9 months in an Indian jail: How Jigna Vora was reborn and redeemed
Bombay High Court acquitted the scribe of charges in the infamous J Dey murder case; she is now on a long road to recovery
Tarot reader and healer Jigna Vora has been healing people and predicting the future for the past five years. But she wonders if anybody could have predicted that a decade ago, her promising media career would come to a screeching halt when she was arrested for the murder of senior crime reporter Jyotirmoy Dey (J Dey) in 2011.
A journalist allegedly joins hands with the underworld to plot the murder of another senior scribe. Sounds like one of Ram Gopal Varma’s unfinished scripts. News flash: it was all real.
Earlier this year, Bombay High Court acquitted Jigna Vora of all charges. She had already spent nine months in Byculla jail before being released on bail in 2012, though the case would drag on for another six years. Her days in prison are a far cry from the ones you binge-watch on Orange Is The New Black. For starters, there isn’t even enough light to see your fellow inmates’ faces. Let alone shoot seven seasons.
Jigna Vora, life behind bars
Vora documents her days and nights in prison with immense precision in her memoir, Behind Bars in Byculla. Reading the memoir is an out-of-body experience. She talks about being asked to strip by lady constables while she was on her period as nonchalantly as she discusses bonding with Pragya Thakur in prison. Vora’s retelling of her days spent scrubbing toilets and eating food littered with strands of hair paints stark, monochrome images. But she doesn’t beg for sympathy; she’s just a reporter doing her job.
Naturally, meeting her was an exercise in constraint in ways more than one: Was there any room for humour? What if she refuses to open up? Surprisingly, she doesn’t make any attempt to camouflage herself, choosing a quiet corner in an otherwise bustling Starbucks. When she drops statements like, “when I was arrested”, “they called me a murderer”, she looks around to spot noticing eyes.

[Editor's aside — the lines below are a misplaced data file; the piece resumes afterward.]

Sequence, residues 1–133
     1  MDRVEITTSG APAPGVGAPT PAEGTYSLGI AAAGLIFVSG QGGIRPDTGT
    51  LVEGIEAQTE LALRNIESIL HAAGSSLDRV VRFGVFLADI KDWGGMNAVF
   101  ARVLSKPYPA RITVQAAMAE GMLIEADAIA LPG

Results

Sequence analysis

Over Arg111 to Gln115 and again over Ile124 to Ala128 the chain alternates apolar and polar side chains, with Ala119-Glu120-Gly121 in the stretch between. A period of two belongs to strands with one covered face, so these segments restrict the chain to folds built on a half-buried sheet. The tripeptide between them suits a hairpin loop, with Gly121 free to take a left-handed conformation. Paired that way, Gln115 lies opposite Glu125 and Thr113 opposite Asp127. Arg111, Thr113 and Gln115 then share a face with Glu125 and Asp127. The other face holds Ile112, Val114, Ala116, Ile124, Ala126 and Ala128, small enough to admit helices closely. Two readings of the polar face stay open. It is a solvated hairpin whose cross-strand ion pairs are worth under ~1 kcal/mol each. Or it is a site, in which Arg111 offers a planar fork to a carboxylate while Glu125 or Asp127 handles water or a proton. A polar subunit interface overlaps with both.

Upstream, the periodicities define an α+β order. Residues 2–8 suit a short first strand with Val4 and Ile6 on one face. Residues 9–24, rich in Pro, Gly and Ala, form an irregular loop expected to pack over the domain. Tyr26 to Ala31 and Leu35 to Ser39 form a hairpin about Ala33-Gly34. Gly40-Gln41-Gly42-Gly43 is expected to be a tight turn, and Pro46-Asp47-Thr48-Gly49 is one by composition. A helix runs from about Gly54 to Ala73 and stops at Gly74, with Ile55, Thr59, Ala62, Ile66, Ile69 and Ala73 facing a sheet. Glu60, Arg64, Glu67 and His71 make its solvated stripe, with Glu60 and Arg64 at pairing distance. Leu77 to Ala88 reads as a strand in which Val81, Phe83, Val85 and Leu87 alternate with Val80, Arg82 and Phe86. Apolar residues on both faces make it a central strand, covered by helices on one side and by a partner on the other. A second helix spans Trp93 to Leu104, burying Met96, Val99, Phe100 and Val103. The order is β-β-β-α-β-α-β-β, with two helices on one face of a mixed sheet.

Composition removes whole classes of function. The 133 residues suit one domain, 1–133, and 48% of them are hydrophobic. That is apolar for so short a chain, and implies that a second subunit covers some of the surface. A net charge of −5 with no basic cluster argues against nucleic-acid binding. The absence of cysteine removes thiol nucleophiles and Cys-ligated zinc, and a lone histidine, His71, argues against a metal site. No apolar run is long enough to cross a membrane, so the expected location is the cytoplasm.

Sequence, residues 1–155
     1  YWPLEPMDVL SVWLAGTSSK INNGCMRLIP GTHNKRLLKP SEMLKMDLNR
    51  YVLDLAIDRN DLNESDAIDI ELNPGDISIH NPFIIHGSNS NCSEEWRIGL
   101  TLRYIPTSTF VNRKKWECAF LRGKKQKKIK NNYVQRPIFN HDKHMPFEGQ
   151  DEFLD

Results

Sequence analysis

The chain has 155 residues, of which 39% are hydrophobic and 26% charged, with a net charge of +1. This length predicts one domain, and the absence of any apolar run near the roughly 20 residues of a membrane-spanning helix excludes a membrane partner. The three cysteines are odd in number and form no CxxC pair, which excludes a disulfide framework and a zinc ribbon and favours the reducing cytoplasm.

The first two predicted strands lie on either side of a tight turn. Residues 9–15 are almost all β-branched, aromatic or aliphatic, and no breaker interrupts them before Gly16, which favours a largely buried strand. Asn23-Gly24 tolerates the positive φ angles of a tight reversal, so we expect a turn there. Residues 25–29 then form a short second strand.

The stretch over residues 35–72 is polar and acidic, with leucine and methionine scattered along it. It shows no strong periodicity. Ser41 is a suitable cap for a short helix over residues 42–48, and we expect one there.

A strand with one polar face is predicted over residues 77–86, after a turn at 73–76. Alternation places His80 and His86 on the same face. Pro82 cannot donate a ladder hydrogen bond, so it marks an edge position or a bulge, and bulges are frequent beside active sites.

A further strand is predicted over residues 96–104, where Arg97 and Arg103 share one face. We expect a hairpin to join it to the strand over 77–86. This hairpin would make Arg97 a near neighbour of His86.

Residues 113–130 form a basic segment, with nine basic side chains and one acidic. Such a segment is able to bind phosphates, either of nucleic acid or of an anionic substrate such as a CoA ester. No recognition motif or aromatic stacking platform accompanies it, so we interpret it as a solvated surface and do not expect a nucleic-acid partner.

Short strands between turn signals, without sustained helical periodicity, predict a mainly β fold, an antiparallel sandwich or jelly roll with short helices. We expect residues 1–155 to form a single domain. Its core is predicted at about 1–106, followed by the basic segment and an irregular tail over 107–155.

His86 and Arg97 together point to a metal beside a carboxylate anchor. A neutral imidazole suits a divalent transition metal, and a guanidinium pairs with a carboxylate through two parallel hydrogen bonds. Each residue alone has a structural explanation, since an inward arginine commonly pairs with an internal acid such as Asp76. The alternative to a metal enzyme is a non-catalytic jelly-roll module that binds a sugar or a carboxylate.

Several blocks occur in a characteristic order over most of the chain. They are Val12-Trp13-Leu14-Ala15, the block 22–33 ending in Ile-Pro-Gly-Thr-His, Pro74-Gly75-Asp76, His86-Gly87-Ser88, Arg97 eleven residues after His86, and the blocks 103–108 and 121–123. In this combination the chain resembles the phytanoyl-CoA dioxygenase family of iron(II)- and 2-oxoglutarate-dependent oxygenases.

“Media and filmmakers don’t have an all-access pass. The prison you see is a diluted version,” she says. Vora confesses that she lives in a state of constant fear and lack of trust. “Sometimes when the doorbell rings late at night, I get scared. If I see people looking at me, I feel that they are judging me.”
But her days in prison aren’t all grim and dark. There were constables who would go on to become friends. She also crossed paths with some of the outliers that she had covered in her reporting. But her brightest memories are the celebrations. “Every festival is celebrated. We observed fasts on Ramadan sometimes. We celebrated Holi and Christmas. We broke into an impromptu rain dance on the first day of the monsoon. When you’re confined in that small space for months, you learn the value of life and its simple joys,” she says.
It is a daily battle, but she’s dressed to win. There’s a trishul-shaped nose ring, a terracotta pendant with the imprint of the Tibetan goddess of protection around her neck. “Instead of becoming a victim, I choose to be a warrior,” she says. Yes, there are days when she reads the newspapers and misses the rush of a newsroom. She believes there are a lot of crime stories that she would have approached and cracked in a better manner, now that she’s been on the other side. But that’s a life she doesn’t connect with anymore. It’s a closed chapter and she has no grudges or regrets. “I left the prison exactly 9 months after my arrest. It was the day of Janmasthami. I was reborn that day. This is Jigna Vora 2.0.”
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